literature & poetry

Bernardine Evaristo & Jennifer Nansubuga Makumbi

Part of London Literature Festival

Join award-winning authors Bernardine Evaristo & Jennifer Nansubuga Makumbi
in conversation with writer Irenosen Okojie, in a discussion that promises to shed a fresh perspective on ourselves, others and the country in which we live.

The pair join us to discuss the themes and ideas of their latest books: Bernardine Evaristo’s Girl, Woman, Other and Jennifer Nansubuga Makumbi’s Manchester Happened, both works that speak to our history and our current time which share complex, nuanced characters, the power of truth and depth.

Girl, Woman, Other, which won the 2019 Booker Prize, follows the lives and struggles of 12 very different characters. Mostly women, black and British, they tell the stories of their families, friends and lovers, across the country and through the years.

Set in Manchester and Kampala, the stories of Manchester Happened form a moving and powerful work about the experience of immigration and about how we treat each other as human beings, and makes an important contribution to one of the most pressing societal and political issues of the day.

Bernardine Evaristo is the Anglo-Nigerian award-winning author of seven books of fiction and verse fiction, as well as short fiction, reviews, essays, drama and writing for BBC radio.

Named by the New Statesman as the writer to read ‘If you want to understand modern day Britain', Evaristo's latest novel Girl, Woman, Other has been shortlisted for the Gordon Burn Prize and shortlisted for The Booker Prize 2019.

Evaristo is Professor of Creative Writing at Brunel University London and Vice Chair of the Royal Society of Literature and was made an MBE in 2009. In 2019, she is the inaugural Woolwich Laureate, appointed by the Greenwich & Docklands International Festival.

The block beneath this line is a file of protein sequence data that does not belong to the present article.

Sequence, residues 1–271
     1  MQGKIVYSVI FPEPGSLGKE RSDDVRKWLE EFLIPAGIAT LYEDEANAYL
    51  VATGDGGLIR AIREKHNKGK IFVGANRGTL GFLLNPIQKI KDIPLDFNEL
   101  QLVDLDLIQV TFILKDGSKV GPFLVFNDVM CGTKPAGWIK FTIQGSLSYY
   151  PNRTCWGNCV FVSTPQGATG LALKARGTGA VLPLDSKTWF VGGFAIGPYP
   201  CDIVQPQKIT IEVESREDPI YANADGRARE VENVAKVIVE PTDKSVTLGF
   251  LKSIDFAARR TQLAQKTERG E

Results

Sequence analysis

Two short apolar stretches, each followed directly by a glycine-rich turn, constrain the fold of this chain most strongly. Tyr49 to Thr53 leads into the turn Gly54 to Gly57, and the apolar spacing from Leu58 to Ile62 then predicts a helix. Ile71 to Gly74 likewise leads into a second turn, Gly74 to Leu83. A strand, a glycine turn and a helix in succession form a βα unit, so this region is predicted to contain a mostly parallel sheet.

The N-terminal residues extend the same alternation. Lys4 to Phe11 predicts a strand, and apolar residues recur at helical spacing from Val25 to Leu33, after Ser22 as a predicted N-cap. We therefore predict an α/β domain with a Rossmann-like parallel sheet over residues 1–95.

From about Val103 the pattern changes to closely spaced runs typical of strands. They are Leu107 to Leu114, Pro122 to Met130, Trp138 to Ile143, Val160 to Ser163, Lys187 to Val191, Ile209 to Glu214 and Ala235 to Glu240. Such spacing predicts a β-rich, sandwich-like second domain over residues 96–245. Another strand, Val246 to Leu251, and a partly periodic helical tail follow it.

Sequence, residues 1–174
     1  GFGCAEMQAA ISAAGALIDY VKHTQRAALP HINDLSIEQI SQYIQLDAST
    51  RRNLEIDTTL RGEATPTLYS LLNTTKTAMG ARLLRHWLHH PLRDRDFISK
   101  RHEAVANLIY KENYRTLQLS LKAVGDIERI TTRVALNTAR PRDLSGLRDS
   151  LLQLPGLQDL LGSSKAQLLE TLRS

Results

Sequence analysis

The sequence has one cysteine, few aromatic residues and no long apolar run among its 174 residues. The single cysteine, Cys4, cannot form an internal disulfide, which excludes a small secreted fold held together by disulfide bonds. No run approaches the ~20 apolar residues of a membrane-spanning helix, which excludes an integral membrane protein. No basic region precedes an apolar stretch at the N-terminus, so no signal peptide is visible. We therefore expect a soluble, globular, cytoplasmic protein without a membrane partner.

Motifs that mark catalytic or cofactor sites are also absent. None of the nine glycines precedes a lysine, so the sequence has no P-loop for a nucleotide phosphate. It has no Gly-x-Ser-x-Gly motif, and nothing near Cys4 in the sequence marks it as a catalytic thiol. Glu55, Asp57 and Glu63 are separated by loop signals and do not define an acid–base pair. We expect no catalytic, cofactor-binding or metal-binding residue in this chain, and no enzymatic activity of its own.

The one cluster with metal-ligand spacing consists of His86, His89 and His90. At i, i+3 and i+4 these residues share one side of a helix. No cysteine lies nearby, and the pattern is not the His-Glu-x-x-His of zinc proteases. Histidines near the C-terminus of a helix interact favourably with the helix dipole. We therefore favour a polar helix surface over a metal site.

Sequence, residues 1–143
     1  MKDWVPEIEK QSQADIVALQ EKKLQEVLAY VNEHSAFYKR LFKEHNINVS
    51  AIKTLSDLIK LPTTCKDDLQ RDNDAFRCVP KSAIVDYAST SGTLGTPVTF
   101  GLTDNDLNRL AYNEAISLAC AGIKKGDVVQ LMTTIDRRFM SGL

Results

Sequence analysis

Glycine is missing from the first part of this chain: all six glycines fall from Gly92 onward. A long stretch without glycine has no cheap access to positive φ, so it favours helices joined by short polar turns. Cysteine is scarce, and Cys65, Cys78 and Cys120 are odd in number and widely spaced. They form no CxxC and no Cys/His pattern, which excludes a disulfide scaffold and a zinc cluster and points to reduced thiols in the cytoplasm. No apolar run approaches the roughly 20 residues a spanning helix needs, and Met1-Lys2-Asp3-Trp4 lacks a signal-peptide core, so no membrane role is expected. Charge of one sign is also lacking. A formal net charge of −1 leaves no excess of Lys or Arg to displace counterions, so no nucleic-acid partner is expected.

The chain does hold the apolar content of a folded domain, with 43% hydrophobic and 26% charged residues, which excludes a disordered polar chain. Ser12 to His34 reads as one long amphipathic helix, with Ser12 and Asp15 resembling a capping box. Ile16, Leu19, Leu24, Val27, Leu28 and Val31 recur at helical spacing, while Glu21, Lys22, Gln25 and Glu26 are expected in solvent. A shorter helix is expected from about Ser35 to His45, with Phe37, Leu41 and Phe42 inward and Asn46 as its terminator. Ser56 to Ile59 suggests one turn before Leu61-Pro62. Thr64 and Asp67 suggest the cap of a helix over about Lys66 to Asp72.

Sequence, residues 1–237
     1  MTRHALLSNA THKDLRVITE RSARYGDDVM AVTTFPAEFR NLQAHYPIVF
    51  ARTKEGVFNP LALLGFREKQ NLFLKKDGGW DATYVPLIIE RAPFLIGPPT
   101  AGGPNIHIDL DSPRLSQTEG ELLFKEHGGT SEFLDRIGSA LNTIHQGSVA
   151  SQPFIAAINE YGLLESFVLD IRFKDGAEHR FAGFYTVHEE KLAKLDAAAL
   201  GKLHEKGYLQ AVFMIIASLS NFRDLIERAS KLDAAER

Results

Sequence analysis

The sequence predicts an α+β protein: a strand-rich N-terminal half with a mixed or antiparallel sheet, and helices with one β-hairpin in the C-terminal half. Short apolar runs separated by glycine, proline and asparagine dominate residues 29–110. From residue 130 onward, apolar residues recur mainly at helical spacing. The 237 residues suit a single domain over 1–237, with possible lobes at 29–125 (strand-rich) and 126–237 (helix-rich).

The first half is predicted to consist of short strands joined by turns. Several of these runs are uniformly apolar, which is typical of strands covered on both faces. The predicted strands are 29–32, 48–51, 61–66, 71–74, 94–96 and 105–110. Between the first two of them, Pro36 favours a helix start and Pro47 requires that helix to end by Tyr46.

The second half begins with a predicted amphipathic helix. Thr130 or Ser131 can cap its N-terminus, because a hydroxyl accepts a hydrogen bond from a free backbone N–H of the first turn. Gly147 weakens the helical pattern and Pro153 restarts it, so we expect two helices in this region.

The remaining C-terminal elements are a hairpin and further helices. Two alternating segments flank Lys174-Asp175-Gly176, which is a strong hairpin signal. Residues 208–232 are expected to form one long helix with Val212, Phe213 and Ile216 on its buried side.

Jennifer Nansubuga Makumbi is a Ugandan novelist and short story writer. Her first novel, Kintu, won the Kwani? Manuscript Project in 2013 and was shortlisted for the Etisalat Prize in 2014.

Her short story Let’s Tell This Story Properly won the 2014 Commonwealth Short Story Prize, and is included in her first collection of stories, Manchester Happened.

In 2018, she was awarded the prestigious Windham-Campbell Prize for Fiction to support her writing, and was a judge for the 2019 Commonwealth Short Story Prize. She teaches creative writing at Manchester Metropolitan University.

Irenosen Okojie is a Nigerian British writer. Her debut novel Butterfly Fish won a Betty Trask Award and was shortlisted for an Edinburgh International First Book Award. Her short story collection Speak Gigantular was shortlisted for the Edgehill Short Story Prize, the Jhalak Prize, the Saboteur Awards and nominated for a Shirley Jackson Award. Her work has been featured in many publications including The New York Times, The Observer and The Guardian, and she was recently inducted as a fellow of the Royal Society of Literature.

Dates & times

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Purcell Room


Booking fee: £3.50 (Members £0.00)


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Age recommendation
For ages 16+

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